PHILADELPHIA — At least two more incinerated bodies and a cache of weapons were found today in the ruins of a radical cult's fortified row house, and police searching the debris with heavy machinery and long-handled prongs reported finding still more bones.
One of the bodies found today was a child and the other was an adult male, police said. Two children were among the six bodies found Tuesday in the ruins of the house once occupied by the MOVE cult.
"We're taking one shovel at a time," said police spokesman Lt. Jerry Whartenby. "We're looking for any kind of evidence to tell us what went on, any more bodies that may or may not be there, weapons, ammo, things of that sort."
Clarence Mosley, the city's assistant city managing director, said searchers had spotted what looked like bones and a skull in a rear portion of the house--apparently the ninth and 10th bodies to be found.
Police assaulted the house on Monday with bullets, water hoses, tear gas and finally a two-pound bomb. An ensuing fire burned 61 homes and uprooted at least 225 residents of the West Philadelphia neighborhood.
Two shotguns and a rifle were found today, Mosley said, and pieces which police at first thought were bomb material. That proved untrue, he said, but added that a substantial quantity of .38-caliber ammunition had been found.
Meanwhile the city's police commissioner said officials now believe that the MOVE members who had been barricaded in the house had a hand in starting the fire and that members had apparently spread flammable material around their compound.
Police Commissioner Gregore Sambor, interviewed today on the "CBS Morning News," said, "We did not create any fire."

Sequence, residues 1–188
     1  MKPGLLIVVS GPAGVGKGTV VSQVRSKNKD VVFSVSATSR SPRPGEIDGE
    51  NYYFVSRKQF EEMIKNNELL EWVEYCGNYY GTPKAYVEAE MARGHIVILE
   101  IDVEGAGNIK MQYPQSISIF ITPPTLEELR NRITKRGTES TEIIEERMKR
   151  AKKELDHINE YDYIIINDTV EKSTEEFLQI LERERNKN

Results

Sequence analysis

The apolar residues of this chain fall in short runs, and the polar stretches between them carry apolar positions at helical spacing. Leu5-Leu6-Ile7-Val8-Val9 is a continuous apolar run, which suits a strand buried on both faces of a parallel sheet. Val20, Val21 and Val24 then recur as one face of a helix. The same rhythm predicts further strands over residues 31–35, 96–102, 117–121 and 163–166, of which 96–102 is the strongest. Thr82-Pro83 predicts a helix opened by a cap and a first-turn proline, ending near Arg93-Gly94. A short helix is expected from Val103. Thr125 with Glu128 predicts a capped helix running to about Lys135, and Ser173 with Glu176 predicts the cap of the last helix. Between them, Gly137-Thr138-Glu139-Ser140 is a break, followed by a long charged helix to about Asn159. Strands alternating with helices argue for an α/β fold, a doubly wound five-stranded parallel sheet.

"The fire did start inside the house," said Sambor, who ordered the bomb dropped. He said police had tested the bomb on wood-and-tar paper structures without starting any fires.
"To the best of our knowledge, the MOVE members had spread flammable material in their compound and in neighboring areas," he said, in explaining why the fire burned so hot and spread so quickly.
MOVE members had said they were "prepared to die," he said.
Television film, however, showed flames coming from the roof immediately after the bomb hit.
Some reports had said as many as 12 adults and 10 children had been holed up in the heavily fortified house before the police tried to clear them out. Area residents had complained to authorities before the incident about rat-infested premises and about MOVE members' cursing and assaulting them.
Police in a helicopter dropped a bomb on the house Monday night to destroy a rooftop bunker and a fire started, eventually spreading to 61 houses. (Stories, Pages 8, 11, 12)
City officials were sharply criticized today for dropping the bomb from a police helicopter onto the roof of the house.
"Dropping the bomb was the first mistake, and it was followed by the catastrophe of letting it burn," state Sen. Vincent Fumo, a Philadelphia Democrat, said.
2 of Group Survive
But Mayor W. Wilson Goode defended the bombing, saying it was intended to destroy the bunker and perhaps blow a hole in the roof of the house to help gain entry.
Two members of the MOVE group survived the inferno.
Ramona Africa, 30, who fled the burning house Monday night and was arrested, was ordered held on $3-million bail on charges that included aggravated assault, weapons offenses and conspiracy.
A 13-year-old boy, Birdie Africa, who also escaped the fire, remained hospitalized with second-degree burns over parts of his body.
"His doctor says he's really in fine shape," said Children's Hospital spokeswoman Patricia Usner. "He's resting comfortably. (The doctor) said he's a stoic and strong child and he's handling it well so far."